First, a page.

What did virtue (i.e. human behaviour perceived as morally exemplary) mean for ancient Jews and Christians? How did they discuss it? This research unit analyses conceptions of virtue in ancient Judaism and early Christianity in the ancient Mediterranean context (ca. 500 BCE – 300 CE).
Scholars have typically searched for the roots of western virtue ethics in Greek philosophy, considering Jewish and Christian sources to be, at best, of secondary importance. Admittedly, the Semitic languages lack a specific term designating virtue, but this does not mean that texts written in those languages could not be interested in, or familiar with, conceptions of virtue. Moreover, the Greek term ἀρετή is adopted early on in Jewish and Christian literature composed in Greek.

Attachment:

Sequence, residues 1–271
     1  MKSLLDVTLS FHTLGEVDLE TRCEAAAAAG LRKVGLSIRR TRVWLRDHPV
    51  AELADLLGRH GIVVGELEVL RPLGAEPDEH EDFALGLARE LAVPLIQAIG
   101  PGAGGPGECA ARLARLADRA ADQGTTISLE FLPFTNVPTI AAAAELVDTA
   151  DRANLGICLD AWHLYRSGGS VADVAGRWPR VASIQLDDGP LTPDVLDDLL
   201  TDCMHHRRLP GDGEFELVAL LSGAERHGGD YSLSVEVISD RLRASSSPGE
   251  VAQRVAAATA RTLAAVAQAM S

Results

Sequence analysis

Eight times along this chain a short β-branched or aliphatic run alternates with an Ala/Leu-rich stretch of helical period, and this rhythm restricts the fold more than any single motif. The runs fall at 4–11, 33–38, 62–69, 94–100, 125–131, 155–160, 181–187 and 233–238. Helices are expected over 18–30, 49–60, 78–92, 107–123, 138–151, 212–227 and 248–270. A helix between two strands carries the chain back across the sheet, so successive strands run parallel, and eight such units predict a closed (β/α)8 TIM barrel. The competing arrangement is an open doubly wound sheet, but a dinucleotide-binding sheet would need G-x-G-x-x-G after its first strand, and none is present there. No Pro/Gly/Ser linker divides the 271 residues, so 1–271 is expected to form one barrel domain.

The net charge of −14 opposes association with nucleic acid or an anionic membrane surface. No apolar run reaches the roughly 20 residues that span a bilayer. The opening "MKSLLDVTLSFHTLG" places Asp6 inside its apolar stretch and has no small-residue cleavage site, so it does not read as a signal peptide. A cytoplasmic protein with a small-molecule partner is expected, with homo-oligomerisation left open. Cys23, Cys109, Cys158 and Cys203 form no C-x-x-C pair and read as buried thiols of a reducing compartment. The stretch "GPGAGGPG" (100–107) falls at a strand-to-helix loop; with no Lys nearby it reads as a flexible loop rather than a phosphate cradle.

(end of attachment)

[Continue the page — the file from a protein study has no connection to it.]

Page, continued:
Today, as the diversity and interrelatedness of Mediterranean cultures are recognized, ancient conceptions of virtue must be reassessed. The unit invites scholars to reflect critically on early Jewish and Christian ideas of virtue. The Greek culture is not given a primacy in defining what virtue is; rather, the aim is to
acknowledge the variety of ancient discursive practices concerning morally valuable life.
Virtue, Character Formation, Wisdom, Ancient Judaism, Early Christianity